Women in Comics, Graphic Novels Finally Getting the Spotlight They Have Deserved for Generations
The Eisner Awards are the Academy Awards for American comic books. Since 1988, no woman has won in the Best Writer or Best Writer/Artist major categories. In 2012, the Comics Industry Person of the Year was Eric Stephenson; in 2013, the male Kim Thompson. And it's not that these people aren't deserving (they are), but it's that the comic and graphic novel industry has seemed to ignore a major section of its audience: women.
But this week the 2014 Comics Industry Person of the Year was announced, and it was (start jumping up and down now) the incredibly talented (and yes the female) Raina Telgemeier. It's this news and various other recent wins for female graphic novelists, artists, illustrations, and comics contributors that shows that maybe finally, finally we are entering the era of women shining brightest in the industry.
Women have always been creators and fans of comics and graphic novels, but they have been consistently under-recognized or even ignored. Female characters have been notoriously victims of objectification in male-created comics. Women have been routinely harassed at comic conventions. But with more women at the helm of new comics and graphic novels, we can have some hope that these things we have all grown accustomed to will change.
Recent market research into self-identified comic book fans, according to Facebook, shows that women account for nearly 47 percent of that population. In case you were never really all that good at math, that's nearly half. Half.
Anne Toole is one of the creators behind the female character-driven 2014 YA comic Crystal Cadets. The comic series brings together a group of multicultural female characters who use their smarts and confidence to work together. Toole told me that she had always been a fan of comics, since she was a little kid:
I read comics when I was a kid, and I was happy to be Batman and Sandman and people like that, but I probably would have been more happy and read more if it was directed at me.Sometimes it's something as simple as seeing some commonality between yourself and what's on the page that can make you feel better about yourself. It's nice to be acknowledged and to be recognized that you exist in the world.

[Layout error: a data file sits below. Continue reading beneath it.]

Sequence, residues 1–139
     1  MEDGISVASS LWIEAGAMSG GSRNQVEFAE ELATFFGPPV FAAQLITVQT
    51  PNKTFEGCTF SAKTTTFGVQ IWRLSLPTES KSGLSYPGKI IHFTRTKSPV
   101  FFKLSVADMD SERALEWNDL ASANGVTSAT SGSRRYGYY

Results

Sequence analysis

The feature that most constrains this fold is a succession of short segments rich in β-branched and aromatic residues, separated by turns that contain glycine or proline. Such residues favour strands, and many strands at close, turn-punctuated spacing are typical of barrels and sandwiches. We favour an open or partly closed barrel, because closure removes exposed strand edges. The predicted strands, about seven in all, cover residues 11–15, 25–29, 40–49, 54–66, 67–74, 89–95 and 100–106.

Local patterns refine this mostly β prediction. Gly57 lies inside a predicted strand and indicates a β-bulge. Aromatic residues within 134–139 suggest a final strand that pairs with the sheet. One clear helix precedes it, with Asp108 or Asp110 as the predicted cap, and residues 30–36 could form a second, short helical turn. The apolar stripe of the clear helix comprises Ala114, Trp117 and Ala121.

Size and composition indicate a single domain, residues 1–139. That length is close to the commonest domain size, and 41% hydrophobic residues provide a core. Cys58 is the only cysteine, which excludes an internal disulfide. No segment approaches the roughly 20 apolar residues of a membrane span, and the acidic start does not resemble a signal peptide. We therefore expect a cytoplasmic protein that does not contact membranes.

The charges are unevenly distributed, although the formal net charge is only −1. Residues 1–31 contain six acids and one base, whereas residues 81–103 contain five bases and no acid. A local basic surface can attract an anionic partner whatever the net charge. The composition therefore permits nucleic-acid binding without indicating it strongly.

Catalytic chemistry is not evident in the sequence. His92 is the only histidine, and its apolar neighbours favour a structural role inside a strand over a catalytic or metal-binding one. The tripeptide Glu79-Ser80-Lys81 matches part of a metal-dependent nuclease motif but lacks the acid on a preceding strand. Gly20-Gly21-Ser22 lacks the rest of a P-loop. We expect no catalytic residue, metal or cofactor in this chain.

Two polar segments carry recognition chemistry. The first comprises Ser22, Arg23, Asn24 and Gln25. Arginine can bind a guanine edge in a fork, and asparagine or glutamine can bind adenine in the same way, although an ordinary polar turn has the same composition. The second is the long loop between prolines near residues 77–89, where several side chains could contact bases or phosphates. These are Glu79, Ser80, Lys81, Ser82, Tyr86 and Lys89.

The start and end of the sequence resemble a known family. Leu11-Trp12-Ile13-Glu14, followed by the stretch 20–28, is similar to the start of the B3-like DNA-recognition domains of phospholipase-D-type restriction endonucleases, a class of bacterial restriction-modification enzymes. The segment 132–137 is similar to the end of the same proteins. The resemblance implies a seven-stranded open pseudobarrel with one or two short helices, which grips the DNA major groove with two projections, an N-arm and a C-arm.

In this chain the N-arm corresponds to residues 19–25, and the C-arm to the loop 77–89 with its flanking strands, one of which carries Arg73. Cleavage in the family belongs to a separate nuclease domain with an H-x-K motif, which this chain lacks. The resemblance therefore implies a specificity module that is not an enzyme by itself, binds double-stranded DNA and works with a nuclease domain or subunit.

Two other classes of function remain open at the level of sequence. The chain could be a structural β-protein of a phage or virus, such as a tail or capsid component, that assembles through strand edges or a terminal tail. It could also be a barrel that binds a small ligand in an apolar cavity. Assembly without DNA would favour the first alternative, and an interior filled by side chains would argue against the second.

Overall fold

But as 2014 has shown, both younger and grown-up women are seeing more of themselves reflected back from the pages of their graphic novels and comics.
G. Willow Wilson and Adrian Alphona pitted Kamala Khan, a Muslim-American teenage girl, as the new Ms. Marvel comic in 2014, and it became one of the most talked about releases last fall.
Cece Bell's graphic novel memoir El Deafo was not only fan and critically acclaimed, it was up for 2014's Kirkus Prize for Young People's Literature.
Roz Chast's graphic novel memoir about caring for her aging parents Can't We Talk About Something More Pleasant? took home the Kirkus Prize for Nonfiction and was a favorite for the 2014 National Book Award — it was also the only female-written book on the long list.
Saga is an absolutely massive hit with both fans and critics, and while it's written by Brian K. Vaughn, the stunning visuals were drawn by Fiona Staples, who is known as one of the best artists in the industry — man or woman. Then there was the awesome Through the Woods by Emily Carroll, This One Summer by Mariko and Jillian Tamaki, and both Bitch Planet and the experimental Pretty Deadly by Kelly Sue DeConnick. Alison Bechdel also received a MacArthur Foundation “genius award.” Rainbow Rowell said she was going to create graphic novels. Margaret Atwood announced that she was working on a graphic-novel adaptation of The Handmaid’s Tale, coming 2016. I could go on.
Then of course there's 2014's Comics Industry Person of the Year, Telgemeier. Telgemeier was the artist behind the comic book adaptations of the Baby-sitter's Club. She's behind the wildly popular young adult graphic novels Drama and Smile. In 2014, she released the sequel to Smile, Sisters which is just flat-out amazing according to basically everyone.
But, not to worry, this isn't a trend that's going away. In fact, it isn't a trend at all. It's (hopefully) finally a recognition that women can be both serious comic book fans and serious comic book creators. And there are plenty of graphic novels and comics on the horizon that can show that it's not just wishful thinking.
Fiona Staples is continuing her prolific career by illustrating the hugely anticipated relaunch of Archie comics this year and continuing her work on Saga.
We're all super-, super-excited for new releases (or first editions, depending where you're from) of the girl-centric series Lumberjanes, created by and worked on by the talented women Noelle Stevenson, Grace Ellis, Brooke Allen, Sharon Watters, and others.
New York Times-bestselling cartoonist Lucy Knisley will release the next edition of her graphic travelogue series.
We can also expect more Captain Marvel from DeConnick, who is known for taking on sexism in the industry.
And there are many more exciting female-led comics on the horizon, too. But that doesn't mean everything is all hunky dory. We are still lacking diversity among women in the comic book and graphic novel world, and while we are seeing finally some POC lead characters, we aren't necessarily seeing them as much behind the scenes. And still, female comic book fans and creators are harassed with rape threats and a constant barrage of mansplaining. Oh, and there was that whole sexist monstrosity that was Marvel's Spider Woman #1 illustration.
But with strong women like these artists and writers working tirelessly to put female-lead comics and characters on the pages, there is increased hope for the future. And with each success by women, people are going to have to play along or get left behind.